GLAY is one of Japan’s greatest J-rock bands, an outfit that has parlayed one trendy moment into decades of enduring relevance despite changing tastes. Formed in Hakodate, Hokkaido, in 1988, GLAY included some teen members who had known each other since elementary school. They grew up just as “visual kei”—a flamboyant underground movement that was as much an aesthetic as a musical genre—began to surface into Japan’s mainstream, and they embraced it all: the makeup, clothes, and music influenced by David Bowie, Kiss, Twister Sister, and others. Led by guitarist, composer, and lyricist Takuro Kubo and fronted by vocalist Teru, the group moved to Tokyo after graduation, acquiring bassist Jiro in 1991. Success did not immediately follow, but they signed to a label in 1993 and released their debut album, Hai To Diamond, a year later. That release, with its driving rhythms and closely controlled dual-guitar squall, set the tone for the band’s later releases: There are echoes of the driving joy of 1994’s “Two Bell Silence” even on 2017’s Summerdelics. And Takuro’s lyrics—which owe a debt to John Lennon in their forthrightness—were always given pride of place. The group ultimately moved away from visual kei but retained their unique sound, drawing massive crowds to their live shows and remaining one of Japan’s best-selling artists into the 21st century.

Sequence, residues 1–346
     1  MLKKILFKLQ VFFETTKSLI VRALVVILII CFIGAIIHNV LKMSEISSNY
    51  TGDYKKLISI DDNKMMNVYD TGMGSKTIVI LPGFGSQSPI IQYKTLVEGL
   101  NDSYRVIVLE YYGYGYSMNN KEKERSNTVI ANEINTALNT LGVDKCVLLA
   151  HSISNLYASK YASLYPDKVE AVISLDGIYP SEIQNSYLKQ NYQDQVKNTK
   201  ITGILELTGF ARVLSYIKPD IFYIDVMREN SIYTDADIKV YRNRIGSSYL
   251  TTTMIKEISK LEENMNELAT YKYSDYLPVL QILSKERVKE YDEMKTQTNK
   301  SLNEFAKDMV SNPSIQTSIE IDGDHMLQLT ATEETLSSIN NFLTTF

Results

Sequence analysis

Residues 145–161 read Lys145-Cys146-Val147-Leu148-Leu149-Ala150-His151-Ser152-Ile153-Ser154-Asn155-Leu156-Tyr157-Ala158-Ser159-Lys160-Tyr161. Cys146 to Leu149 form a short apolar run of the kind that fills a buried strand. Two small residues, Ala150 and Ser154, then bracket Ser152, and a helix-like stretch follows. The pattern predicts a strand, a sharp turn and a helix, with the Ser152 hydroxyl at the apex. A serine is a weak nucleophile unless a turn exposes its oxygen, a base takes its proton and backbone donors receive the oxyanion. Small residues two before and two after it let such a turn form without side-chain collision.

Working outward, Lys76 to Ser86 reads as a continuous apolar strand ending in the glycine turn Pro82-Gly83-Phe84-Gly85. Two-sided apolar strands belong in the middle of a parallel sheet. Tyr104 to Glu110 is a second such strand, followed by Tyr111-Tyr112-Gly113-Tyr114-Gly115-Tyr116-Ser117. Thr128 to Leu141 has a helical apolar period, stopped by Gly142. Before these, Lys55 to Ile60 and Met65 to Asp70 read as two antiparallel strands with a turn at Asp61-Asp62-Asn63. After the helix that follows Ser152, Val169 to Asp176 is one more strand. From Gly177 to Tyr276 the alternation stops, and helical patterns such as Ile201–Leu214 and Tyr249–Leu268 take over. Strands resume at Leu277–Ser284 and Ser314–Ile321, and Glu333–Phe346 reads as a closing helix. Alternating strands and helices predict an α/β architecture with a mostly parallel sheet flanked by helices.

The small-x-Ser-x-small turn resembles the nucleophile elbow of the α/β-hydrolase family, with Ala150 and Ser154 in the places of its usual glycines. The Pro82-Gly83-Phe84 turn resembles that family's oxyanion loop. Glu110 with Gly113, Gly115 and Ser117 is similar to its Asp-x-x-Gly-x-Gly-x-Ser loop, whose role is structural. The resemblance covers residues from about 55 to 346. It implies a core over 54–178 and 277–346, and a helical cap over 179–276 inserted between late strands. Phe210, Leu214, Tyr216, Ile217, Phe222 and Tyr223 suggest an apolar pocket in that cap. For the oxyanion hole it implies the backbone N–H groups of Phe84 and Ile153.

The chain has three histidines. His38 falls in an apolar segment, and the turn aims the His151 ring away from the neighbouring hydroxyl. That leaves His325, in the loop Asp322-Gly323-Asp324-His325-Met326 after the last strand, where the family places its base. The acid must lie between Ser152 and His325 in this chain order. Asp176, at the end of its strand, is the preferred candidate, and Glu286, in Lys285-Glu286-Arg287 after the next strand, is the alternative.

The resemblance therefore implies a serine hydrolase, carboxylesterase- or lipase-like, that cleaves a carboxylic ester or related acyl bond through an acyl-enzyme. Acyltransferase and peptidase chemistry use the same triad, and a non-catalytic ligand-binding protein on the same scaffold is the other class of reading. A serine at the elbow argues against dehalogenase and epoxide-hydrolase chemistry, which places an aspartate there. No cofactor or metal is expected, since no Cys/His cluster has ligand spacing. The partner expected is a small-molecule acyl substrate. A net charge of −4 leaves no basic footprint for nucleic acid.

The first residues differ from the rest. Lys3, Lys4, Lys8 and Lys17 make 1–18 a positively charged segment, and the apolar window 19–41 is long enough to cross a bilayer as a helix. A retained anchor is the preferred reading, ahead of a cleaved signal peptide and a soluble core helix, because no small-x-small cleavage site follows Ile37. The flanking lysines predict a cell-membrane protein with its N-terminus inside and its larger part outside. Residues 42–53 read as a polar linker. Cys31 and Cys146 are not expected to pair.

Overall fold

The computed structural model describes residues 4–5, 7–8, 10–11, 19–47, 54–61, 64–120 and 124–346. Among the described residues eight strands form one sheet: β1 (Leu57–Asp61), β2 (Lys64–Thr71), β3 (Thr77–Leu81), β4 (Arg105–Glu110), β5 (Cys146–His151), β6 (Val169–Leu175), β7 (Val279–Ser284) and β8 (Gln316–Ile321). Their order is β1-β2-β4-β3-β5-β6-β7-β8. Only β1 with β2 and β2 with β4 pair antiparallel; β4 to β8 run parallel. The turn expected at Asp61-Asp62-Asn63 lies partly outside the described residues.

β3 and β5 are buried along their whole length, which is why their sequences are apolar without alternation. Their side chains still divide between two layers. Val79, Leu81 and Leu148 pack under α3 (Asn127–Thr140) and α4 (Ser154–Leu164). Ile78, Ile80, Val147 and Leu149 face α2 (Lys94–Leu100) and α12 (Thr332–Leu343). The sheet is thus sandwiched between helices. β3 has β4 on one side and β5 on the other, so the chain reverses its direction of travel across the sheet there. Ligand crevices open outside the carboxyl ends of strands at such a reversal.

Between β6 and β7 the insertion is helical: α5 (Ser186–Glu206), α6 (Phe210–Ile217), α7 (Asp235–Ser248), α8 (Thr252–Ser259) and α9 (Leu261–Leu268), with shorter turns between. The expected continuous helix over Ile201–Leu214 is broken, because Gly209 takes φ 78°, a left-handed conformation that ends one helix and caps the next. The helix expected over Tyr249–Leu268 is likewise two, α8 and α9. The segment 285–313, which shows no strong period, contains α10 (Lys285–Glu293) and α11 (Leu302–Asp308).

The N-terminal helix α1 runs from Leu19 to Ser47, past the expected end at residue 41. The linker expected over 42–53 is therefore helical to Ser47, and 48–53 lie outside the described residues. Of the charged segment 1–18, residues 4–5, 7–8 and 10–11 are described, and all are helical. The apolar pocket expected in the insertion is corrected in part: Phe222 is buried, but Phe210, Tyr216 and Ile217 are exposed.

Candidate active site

ORIGINHakodate, Hokkaidô, Japan